“Won’t pinpoint a sailor — as it was not singular and there had to be oversight as well,” he said in an email. “The test was not a failure as the missile performed what they needed to see to move forward with a limited production.” He added that “it was a faulty procedure that will now be adjusted in a new policy procedure that will prevent this” from happening again.

The new policy will apply to all ships with ballistic missile shoot-down capability, “thereby saving critical failures in the field of combat if used,” Ellison said.

Asked whether any action was taken against sailors involved in the apparent mistake, Navy Region Hawaii referred questions to U.S. Pacific Fleet’s Naval Surface Force in San Diego, which did not provide comment Tuesday.

The SM-3 IIA missile is seen as having implications for the defense of Hawaii from North Korean ICBMs.

With growing concern over Hawaii’s potential vulnerability, plans are being fast-tracked for a new $1 billion medium-­range radar by 2023, while the Missile Defense Agency recently confirmed that the SM-3 IIA could add a second layer of defense for the state.

Thirty-six ground-based interceptors in Alaska and California defend Hawaii — and the mainland — against North Korean missiles. However, Hawaii’s proximity to North Korea — 4,660 miles — means an enemy missile could arrive in just 20 minutes and limits what officials call a “shoot, look, shoot” second chance for success.

Ellison is among a growing number of voices calling for activation of the $450 million Aegis Ashore missile defense testing facility on Kauai in times of emergency with current SM-3 1B missiles and, as soon as possible, the even more capable SM-3 IIAs.

An intercept test conducted in February off Kauai using the John Paul Jones and an SM-3 IIA missile was successful. The missile will be used to protect Japan, Romania and Poland from ballistic missile threats, and is expected to be test-fired from Aegis Ashore on Kauai by the end of the year.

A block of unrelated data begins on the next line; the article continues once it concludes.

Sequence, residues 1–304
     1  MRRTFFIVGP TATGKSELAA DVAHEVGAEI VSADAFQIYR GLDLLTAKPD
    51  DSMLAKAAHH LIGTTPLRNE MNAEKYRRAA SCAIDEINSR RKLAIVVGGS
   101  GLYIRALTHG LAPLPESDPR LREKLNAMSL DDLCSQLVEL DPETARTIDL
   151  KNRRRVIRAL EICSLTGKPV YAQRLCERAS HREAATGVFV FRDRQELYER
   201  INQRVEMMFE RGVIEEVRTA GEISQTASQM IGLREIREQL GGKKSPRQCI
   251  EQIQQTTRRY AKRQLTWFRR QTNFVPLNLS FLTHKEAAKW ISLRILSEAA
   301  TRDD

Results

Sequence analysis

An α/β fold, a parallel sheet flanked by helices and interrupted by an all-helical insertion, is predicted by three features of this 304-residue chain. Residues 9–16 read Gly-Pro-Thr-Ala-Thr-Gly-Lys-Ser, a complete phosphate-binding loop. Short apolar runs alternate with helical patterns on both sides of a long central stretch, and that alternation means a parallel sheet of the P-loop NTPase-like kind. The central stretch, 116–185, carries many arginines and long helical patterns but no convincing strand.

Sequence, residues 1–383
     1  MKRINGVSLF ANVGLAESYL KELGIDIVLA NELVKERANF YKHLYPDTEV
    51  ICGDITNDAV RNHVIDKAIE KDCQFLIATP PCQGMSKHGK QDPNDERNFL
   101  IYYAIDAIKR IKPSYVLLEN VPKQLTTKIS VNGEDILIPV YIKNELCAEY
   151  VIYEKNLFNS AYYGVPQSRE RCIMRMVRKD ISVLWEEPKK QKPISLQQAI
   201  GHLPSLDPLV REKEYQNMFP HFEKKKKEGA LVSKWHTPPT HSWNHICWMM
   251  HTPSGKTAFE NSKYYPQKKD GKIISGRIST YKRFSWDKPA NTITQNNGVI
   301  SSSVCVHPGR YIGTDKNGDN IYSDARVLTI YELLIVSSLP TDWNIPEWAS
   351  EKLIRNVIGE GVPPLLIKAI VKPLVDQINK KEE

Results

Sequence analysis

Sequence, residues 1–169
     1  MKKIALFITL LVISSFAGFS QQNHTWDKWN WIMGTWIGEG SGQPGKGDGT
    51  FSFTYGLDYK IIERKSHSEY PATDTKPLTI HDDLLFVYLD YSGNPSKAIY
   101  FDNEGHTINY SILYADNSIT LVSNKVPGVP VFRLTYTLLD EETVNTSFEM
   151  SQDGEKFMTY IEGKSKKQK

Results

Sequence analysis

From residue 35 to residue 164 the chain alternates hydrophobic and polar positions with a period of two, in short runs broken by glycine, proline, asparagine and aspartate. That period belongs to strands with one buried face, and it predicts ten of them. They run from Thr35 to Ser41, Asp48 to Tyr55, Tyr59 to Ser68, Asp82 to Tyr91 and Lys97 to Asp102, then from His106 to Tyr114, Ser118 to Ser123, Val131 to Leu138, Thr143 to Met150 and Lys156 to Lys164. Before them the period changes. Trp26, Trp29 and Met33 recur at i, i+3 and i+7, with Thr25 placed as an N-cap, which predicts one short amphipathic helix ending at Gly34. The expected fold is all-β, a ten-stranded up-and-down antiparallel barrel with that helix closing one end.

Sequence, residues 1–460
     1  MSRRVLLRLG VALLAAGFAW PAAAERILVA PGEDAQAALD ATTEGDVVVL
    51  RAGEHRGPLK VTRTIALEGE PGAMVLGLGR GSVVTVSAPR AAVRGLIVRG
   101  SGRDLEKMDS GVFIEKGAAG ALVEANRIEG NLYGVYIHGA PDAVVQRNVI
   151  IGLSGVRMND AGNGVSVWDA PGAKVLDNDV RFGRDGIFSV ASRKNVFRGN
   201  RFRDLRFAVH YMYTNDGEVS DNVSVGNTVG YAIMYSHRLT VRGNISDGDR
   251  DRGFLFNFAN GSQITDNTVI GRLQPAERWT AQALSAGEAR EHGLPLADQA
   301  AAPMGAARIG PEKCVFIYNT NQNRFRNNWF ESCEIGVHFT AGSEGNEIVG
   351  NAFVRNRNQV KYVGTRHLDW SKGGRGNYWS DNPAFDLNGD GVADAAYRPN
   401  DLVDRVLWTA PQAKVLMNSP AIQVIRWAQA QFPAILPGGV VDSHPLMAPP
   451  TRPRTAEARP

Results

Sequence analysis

In a separate test a ballistic missile target simulating an intermediate-range North Korean threat that was launched by a C-17 cargo aircraft north of Hawaii was successfully intercepted July 11 by a defensive missile in a test of the mobile THAAD system. The THAAD battery is temporarily located in Kodiak, Alaska.

THAAD batteries are globally transportable and rapidly deployable. The system has a perfect track record of 14 flight intercepts in 14 tests.

Missile experts say North Korea’s successful July 3 ICBM flight test showed it could hit Hawaii.

Adm. Harry Harris, head of U.S. Pacific Command, recently told the Star-Advertiser that “that’s just the missile, and so, you have to mate a nuclear warhead to that missile. I know that (North Korean leader) Kim Jong Un has stated his intent to do that, and at some point he probably will.”

Harris said he believes Hawaii needs to have a “phased approach” to its defense.

“We have to have a defense-of-Hawaii radar first, and that’s in the plan. That’s being funded, and I think it’s a great thing,” he said. “And I’ve called for a study to determine what the follow-on should be to go with that radar (and) whether it should be an Aegis Ashore or THAAD” or some other defense.

©2017 The Honolulu Star-Advertiser